^ barred from commencement speaking : the IMF’s Christine Lagarde
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Recently the media has reported two cases of college commencement speakers pressured to not speak. First, Condoleeza Rice was forced out of Rutgers University’s commencement; now Christine Lagarde, IMF’s first female CEO, has been forced to withdraw from Smith College’s graduation day.
This is not good at all. The young often think that they know it all and that their personal view of things should tell everybody else what to do and where to go. It’s the prerogative of youth to be ignorantly sure of oneself. Adults, however, have no such excuse. For adults to cave to know it all youth is a huge mistake. It validates conceit, flatters inexperience. That the young censorers also haven’t the slightest idea of what the IMF actually does is, i suppose, par for the course. the less one knows of a topic, the easier to believe somebody else’s opinion of it.
It also undermines the basic premise of civilized polity : that views of all kinds must be accorded opportunity, respect, a fair hearing.
For the Rutgers and Smith situations i do not blame the students. Young people can only learn what life is really like by putting their foot into mud and finding out that it isn’t duck soup. I blame the college administrators. They have much to answer for.
Perhaps the administrators have forgotten that, not too long ago, the “political correctness” movement commanded all on most campuses. One was not allowe to say certain things. there was a code for it. Free speech did not apply — that was the lesson.
We all learned from that lesson, and campuses, over time, became freer again and thus more constitutional and real.
At the same time, however, the political world was roiled by a resurgent right-wing populism, which, as we all know, took shape as the Tea party, perhaps America’s most virulent political insurgency since the radical anti-war surge of 45 years ago. As with that surge, the Tea Party’s bilious views — ever more outrageous, shamelessly derogatory of almost everyone else — has generated, finally, a huge backlash.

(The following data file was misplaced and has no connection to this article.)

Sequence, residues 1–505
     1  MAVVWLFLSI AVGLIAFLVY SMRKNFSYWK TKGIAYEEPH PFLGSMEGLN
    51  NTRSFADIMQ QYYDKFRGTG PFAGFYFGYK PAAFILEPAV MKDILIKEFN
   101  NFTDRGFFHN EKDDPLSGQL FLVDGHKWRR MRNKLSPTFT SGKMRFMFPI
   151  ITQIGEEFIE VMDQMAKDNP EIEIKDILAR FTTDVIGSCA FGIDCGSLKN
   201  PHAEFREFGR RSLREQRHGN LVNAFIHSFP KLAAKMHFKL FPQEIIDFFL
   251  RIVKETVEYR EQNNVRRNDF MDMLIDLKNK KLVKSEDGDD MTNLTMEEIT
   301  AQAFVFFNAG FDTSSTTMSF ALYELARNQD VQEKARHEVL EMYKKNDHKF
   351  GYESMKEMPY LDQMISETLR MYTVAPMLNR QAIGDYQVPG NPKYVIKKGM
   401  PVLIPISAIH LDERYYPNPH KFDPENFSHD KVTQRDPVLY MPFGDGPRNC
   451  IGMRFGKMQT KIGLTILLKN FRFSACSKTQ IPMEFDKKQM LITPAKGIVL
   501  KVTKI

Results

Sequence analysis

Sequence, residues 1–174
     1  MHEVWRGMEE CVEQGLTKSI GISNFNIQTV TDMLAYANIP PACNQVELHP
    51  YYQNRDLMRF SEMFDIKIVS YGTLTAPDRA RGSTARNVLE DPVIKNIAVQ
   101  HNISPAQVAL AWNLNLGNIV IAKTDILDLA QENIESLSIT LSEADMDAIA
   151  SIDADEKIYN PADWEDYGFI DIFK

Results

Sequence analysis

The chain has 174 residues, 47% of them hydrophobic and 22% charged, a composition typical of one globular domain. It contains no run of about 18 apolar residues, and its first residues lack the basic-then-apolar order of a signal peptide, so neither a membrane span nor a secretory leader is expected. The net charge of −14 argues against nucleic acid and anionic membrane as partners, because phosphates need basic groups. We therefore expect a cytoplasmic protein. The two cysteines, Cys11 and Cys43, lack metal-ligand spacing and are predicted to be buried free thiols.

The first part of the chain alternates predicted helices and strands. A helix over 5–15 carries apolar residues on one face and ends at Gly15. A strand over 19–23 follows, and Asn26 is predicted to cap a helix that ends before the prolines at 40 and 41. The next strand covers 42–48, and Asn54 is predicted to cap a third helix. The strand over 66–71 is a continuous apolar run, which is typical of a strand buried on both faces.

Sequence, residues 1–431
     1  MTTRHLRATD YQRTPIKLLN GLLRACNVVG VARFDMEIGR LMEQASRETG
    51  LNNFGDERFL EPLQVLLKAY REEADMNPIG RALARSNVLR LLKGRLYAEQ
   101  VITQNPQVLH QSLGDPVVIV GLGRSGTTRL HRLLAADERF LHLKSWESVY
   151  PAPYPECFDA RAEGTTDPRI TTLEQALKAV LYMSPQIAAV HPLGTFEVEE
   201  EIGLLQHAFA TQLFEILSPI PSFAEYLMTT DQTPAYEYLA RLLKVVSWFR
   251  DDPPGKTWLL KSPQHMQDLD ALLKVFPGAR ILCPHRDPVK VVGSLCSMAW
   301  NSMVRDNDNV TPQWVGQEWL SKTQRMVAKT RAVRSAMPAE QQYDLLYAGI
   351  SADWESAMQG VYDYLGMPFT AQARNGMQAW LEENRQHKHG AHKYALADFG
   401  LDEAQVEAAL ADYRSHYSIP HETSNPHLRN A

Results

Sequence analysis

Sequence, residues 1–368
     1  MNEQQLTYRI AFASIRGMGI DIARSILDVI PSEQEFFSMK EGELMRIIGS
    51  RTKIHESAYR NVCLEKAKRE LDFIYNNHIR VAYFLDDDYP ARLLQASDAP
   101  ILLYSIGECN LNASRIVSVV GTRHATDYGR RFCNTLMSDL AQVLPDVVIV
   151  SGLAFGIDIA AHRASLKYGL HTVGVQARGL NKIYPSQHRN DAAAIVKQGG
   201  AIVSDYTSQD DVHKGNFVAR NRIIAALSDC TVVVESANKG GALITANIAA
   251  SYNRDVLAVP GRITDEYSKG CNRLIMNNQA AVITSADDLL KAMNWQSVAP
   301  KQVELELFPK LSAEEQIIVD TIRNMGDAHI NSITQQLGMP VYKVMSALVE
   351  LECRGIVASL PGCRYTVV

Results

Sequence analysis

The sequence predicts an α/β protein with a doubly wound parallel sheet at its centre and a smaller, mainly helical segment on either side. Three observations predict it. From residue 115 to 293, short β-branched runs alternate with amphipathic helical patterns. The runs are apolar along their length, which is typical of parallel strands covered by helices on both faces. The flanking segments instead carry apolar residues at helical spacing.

This backlash has now itself gone viral and finds the judicious incrementalism of President Obama too cool, too patient, too minuscule in its moves. The backlash wants grand gestures, vast waves of change as torrential as the Tea Party’s waves of utter reaction. Politically this means aggressive activism on all the issues — economic fairness, immigration justice, gun control, climate change — that President Obama has seemed to finesse or even to ignore.
That part of the backlash i applaud.
But i cannot applaud the intolerance on campuses.
Last year I noted, as elements of the Democratic party began to turn on the Obama establishment, that “you can’t radicalize an electorate in one direction only.” I can do nothing to prevent the Democratic left from splitting their political party. it’;s their business. The left’;s assault on free and open speech, however,m i can object to. I do object to it. It will find no friend in me, and I will oppose its ugliness wherever and whenever I see it. Let Condoleeza Rice speak to 50 graduations ! Let Christine Lagarde address one hundred campuses ! Heck, let Dick Cheney speak if he chooses — he is a very interesting fellow, not at all the single-minded Darth Vader the youthful left may imagine.
Let all people of importance declare themselves to every young audience they can get to. The young need to dive into an olympic-sized pool of diversity, not cringe on the single lane of a diving board.
—- Mike Freedberg / Here and Sphere